Edward Lewis: And the reason I know that is that I’m an only child.

Edward Lewis: 6 nights at $300 is $1800

Vivian: You want days too.

Edward Lewis: $2000

Vivian: $3000

Edward Lewis: Done.

[last lines] Happy Man: Welcome to Hollywood! What’s your dream? Everybody comes here; this is Hollywood, land of dreams. Some dreams come true, some don’t; but keep on dreamin’ – this is Hollywood. Always time to dream, so keep on dreamin’.

Edward Lewis: Impossible relationships. My special gift is impossible relationships.

Vivian: I appreciate this whole seduction thing you’ve got going on here, but let me give you a tip: I’m a sure thing.

Lady at polo match: Edward is our most eligible bachelor, everyone is trying to land him.

Vivian: Oh, I’m not trying to land him, I’m just using him for sex.

Mr. Hollister: Just how obscene an amount of cash are we talking about here? Profane or really offensive?

Edward Lewis: Really offensive.

Mr. Hollister: I like him so much.

Vivian: Are you sure you want me to stay the night? I mean, I could just pop ya real good and get outta here.

Edward Lewis: No, I’d really like you to stay. I don’t want to be alone tonight.

Vivian: Is it your birthday?

Edward Lewis: No, no. Not my birthday.

Vivian: Oh. ‘Cause you know, I’ve been the surprise at a lot of birthday parties.

Edward Lewis: I’ll bet you have.

Vivian: When I was a little girl, my mama used to lock me in the attic when I was bad, which was pretty often. And I would- I would pretend I was a princess… trapped in a tower by a wicked queen. And then suddenly this knight… on a white horse with these colors flying would come charging up and draw his sword. And I would wave. And he would climb up the tower and rescue me. But never in all the time… that I had this dream did the knight say to me, “Come on, baby, I’ll put you up in a great condo.”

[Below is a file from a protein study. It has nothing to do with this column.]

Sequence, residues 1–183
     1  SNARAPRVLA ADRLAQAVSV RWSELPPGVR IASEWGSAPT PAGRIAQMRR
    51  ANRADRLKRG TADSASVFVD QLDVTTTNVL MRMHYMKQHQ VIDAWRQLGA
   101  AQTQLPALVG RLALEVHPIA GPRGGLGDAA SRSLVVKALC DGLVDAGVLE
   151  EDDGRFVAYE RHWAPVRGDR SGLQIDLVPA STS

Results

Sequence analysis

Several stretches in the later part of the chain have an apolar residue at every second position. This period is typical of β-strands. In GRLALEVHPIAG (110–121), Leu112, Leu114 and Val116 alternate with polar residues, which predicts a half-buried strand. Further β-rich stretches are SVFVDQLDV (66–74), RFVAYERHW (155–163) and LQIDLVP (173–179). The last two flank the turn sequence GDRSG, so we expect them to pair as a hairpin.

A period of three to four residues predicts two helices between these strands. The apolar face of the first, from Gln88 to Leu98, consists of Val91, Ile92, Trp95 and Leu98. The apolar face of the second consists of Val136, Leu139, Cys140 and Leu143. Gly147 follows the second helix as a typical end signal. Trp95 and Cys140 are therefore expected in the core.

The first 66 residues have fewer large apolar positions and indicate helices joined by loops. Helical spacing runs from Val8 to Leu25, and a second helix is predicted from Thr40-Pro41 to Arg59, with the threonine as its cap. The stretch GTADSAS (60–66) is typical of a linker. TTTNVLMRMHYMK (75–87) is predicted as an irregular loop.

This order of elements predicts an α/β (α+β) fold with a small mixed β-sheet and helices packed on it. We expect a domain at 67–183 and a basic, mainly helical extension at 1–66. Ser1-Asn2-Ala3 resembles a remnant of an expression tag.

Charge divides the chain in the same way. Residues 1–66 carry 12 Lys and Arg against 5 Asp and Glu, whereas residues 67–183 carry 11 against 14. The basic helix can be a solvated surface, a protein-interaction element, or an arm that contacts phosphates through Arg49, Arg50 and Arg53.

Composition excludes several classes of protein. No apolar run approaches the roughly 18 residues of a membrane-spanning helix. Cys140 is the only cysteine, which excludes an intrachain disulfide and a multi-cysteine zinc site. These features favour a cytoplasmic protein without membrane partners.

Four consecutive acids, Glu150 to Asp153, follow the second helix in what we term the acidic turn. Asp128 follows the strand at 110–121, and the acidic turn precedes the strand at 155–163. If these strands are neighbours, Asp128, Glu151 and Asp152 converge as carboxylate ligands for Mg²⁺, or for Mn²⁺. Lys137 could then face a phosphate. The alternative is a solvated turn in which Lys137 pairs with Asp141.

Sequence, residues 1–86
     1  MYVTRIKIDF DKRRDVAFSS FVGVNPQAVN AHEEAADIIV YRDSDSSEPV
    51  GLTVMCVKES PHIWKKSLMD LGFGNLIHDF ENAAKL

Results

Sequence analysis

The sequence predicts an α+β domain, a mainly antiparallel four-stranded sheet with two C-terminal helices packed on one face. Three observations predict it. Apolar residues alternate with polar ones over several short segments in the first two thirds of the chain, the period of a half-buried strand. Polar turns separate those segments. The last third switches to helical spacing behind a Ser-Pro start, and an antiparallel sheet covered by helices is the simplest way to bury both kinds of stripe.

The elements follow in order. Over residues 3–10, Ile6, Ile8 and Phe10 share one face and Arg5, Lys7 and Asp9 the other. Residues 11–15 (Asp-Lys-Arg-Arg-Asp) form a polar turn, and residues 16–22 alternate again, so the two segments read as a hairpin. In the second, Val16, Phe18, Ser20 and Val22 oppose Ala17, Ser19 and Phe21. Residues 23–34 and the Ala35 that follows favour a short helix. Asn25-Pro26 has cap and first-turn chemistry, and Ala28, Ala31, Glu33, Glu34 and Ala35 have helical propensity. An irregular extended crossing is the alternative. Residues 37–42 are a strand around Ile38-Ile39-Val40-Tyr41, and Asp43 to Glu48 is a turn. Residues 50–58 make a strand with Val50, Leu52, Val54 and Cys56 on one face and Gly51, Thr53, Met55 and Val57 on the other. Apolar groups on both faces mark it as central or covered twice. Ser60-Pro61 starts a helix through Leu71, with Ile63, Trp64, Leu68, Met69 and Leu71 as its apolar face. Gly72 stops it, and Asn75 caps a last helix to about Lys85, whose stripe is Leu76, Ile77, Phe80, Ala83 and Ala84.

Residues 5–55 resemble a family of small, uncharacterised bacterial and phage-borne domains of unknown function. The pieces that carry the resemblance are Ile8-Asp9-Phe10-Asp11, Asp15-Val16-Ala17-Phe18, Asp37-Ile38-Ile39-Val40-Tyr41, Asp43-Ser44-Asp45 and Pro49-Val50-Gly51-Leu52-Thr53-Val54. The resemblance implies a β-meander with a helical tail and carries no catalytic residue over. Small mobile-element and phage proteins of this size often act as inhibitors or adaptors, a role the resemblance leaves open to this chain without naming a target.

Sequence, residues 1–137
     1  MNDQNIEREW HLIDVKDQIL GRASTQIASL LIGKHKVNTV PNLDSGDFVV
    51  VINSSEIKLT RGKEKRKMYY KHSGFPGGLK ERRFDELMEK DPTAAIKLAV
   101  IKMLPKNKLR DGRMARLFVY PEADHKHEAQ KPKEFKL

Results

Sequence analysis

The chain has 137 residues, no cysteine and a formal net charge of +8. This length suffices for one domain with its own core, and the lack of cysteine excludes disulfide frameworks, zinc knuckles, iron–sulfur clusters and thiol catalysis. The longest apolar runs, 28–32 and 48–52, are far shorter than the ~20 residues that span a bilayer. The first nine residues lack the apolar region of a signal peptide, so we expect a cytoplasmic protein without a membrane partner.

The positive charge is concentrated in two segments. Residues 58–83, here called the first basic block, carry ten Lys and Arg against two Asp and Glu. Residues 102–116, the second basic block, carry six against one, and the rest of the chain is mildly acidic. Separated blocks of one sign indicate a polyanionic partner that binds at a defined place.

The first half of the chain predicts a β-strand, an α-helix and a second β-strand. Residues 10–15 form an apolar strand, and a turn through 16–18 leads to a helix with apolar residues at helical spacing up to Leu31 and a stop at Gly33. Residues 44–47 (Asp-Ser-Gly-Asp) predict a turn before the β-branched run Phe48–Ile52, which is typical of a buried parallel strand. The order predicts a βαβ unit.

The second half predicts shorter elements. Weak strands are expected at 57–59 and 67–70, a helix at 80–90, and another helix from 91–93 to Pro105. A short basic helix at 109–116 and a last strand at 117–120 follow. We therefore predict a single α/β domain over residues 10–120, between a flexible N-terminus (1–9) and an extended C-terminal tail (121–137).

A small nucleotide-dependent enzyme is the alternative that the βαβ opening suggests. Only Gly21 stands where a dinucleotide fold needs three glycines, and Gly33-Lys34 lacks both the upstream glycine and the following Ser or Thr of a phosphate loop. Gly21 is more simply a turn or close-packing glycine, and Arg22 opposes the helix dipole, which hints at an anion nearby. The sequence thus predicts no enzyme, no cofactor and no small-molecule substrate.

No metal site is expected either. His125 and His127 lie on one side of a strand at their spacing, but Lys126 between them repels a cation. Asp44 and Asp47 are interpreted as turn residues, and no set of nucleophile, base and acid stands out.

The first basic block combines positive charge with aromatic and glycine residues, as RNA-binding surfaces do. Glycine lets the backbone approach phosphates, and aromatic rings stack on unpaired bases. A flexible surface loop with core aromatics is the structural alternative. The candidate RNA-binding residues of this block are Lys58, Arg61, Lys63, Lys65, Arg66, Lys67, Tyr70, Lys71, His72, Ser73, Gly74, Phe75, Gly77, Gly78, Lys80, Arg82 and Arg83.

[At the beginning of the evening] Vivian: In case I forget to tell you later, I had a really good time tonight.

Edward Lewis: You make $100 an hour and you have a safety pin holding your boot up?

Vivian: [sitting with Edward leaning against her in the bathtub] Did I mention, my leg is 44″ from hip to toe. So basically we are talking about 88″ of therapy, wrapped around you for the bargain price of $3000 dollars.

Edward Lewis: You and I are such similar creatures, Vivian. We both screw people for money.

Edward Lewis: How much for the entire night?

Vivian: Stay here? You couldn’t afford it.

Edward Lewis: Try me.

Vivian: 300 dollars.

Edward Lewis: Done! Thank you. Now we can relax.

Edward Lewis: What’s your name?

Vivian: What do you want it to be?

Vivian: [referring to Philip Stuckey] Real genuine guy. Who is he?

Edward Lewis: He’s my lawyer. He’s all right.

Vivian: You could freeze ice on his wife’s ass.

Edward Lewis: Maybe we’ll try that later.

[first lines] Magician at party: No matter what they say, it’s all about money. So let’s imagine, ladies, that you’re a savings and loan officer. Watch – one, two, three; see, you’ve got it all, and we’ve got nothing. You’ve got all four, take a look.

Philip Stuckey: He mortgaged everything he owns, right down to his underwear, to secure a loan from the bank.